Purpose: The search for molecular markers of benign prostatic hyperplasia in general is based on an analysis of a limited number of biopsy samples. Little is known about the homogeneity of the expression of key genes in different zones of the prostate. We studied the intraprostatic (that is within the same gland) and inter-prostatic (that is between glands) variability of 5 α-reductase 2 (5aR2) gene expression. Materials and Methods: Ten tissue samples removed by open prostatectomy were the source of tissue specimens. Two frozen sections were generated from each of several random biopsies taken from each adenoma immediately after enucleation, 1 of which was used for 5aR2 gene expression analysis and 1 for morphometric analysis. Results among biopsies were compared using the 5 α-reductase index (ratio of 5 α-reductase expression to an internal standard measured as electrophoretic band intensity). Morphometric composition was determined for smooth muscle, collagen, epithelium and glandular lumens. Statistical comparisons were performed with ANOVA by pairwise multiple comparison (Dunn) and Spearman's rank correlation procedure. Results: For the 71 biopsies analyzed mean 5 α-reductase index was 0.23 ± 0.16 and overall tissue distribution was smooth muscle 34%, collagen 35%, epithelium 14% and glandular lumens 17%. Inter-prostate and intraprostate variability in 5 α-reductase index was statistically significant (p = 0.004) as was the variability in stromal-to-epithelial ratio (p = 0.012). The 5 α-reductase index showed strong correlation with stroma (%) and negative correlation with epithelium (%). Conclusions: Benign prostatic hyperplasia is heterogeneous in terms of tissue morphometry and expression of single important genes. This finding limits the use of single biopsy based markers to predict biological behavior, and has significant impact on the ability of distinguishing longitudinal changes in tissue composition from sampling artifacts.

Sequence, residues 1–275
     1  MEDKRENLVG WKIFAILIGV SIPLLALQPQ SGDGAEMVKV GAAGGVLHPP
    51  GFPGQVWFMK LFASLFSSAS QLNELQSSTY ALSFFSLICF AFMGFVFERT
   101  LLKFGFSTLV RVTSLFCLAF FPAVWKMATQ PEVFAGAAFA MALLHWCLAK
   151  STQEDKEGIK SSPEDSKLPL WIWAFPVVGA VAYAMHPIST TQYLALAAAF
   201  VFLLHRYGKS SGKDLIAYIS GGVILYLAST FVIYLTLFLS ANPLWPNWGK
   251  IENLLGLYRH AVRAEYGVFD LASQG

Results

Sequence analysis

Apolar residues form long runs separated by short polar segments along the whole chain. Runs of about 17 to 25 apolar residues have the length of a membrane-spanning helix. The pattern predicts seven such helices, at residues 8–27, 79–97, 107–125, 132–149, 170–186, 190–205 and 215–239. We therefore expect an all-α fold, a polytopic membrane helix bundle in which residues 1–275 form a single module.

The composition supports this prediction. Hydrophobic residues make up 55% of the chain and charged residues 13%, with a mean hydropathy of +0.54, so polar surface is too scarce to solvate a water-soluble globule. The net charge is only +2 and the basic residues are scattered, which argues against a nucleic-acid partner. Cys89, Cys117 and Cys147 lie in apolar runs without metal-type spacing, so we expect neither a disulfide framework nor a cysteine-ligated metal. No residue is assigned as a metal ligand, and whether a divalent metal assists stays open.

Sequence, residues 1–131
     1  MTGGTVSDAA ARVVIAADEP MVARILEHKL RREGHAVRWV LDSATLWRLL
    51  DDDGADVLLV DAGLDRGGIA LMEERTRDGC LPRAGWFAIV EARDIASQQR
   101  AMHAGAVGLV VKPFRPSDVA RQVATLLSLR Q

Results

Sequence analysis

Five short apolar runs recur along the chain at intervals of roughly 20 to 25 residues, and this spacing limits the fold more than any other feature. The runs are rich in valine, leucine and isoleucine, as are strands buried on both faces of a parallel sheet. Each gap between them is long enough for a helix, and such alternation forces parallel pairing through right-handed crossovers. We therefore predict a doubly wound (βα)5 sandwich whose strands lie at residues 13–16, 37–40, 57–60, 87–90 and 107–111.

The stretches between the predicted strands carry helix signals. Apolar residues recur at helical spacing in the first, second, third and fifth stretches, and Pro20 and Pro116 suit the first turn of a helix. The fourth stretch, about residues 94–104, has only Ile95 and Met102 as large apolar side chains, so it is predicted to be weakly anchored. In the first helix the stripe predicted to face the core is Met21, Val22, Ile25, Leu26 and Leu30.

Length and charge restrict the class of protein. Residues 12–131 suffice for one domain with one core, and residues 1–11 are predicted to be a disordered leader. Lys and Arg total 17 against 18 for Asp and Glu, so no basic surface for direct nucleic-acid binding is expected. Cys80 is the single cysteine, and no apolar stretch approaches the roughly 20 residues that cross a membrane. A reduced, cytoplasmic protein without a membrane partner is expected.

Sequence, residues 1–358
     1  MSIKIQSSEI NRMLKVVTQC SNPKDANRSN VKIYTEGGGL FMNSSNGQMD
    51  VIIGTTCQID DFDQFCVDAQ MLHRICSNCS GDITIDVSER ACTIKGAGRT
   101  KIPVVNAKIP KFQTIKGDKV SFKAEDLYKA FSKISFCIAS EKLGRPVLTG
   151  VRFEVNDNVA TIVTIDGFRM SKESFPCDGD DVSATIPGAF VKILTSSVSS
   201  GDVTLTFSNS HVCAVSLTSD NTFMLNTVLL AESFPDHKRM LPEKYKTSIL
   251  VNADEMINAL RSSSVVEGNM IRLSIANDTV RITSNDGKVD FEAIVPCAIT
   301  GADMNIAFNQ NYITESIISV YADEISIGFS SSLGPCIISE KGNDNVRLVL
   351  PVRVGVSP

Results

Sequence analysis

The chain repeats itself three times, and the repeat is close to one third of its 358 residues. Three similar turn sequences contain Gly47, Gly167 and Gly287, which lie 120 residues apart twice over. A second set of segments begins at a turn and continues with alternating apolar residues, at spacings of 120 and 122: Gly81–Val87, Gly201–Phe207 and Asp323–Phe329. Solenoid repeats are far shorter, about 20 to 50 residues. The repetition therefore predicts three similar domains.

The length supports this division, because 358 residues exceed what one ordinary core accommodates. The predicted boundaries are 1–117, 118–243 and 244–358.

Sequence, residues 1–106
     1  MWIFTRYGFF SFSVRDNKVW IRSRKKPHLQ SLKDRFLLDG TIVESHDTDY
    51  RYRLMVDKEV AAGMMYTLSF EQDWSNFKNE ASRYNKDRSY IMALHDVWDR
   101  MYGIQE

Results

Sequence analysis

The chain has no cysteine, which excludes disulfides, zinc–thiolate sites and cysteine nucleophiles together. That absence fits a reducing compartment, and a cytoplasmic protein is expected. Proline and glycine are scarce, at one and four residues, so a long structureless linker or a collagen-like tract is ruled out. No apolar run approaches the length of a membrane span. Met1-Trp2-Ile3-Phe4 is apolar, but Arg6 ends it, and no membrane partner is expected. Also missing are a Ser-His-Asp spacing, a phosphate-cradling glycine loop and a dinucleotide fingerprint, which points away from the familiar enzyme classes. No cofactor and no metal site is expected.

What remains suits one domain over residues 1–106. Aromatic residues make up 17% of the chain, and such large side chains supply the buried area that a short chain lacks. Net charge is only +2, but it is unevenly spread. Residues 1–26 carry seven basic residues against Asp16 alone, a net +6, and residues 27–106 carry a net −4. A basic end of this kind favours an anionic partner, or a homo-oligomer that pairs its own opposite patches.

- Gene expression
- Prostatic hyperplasia
- Testosterone 5-alpha-reductase
ASJC Scopus subject areas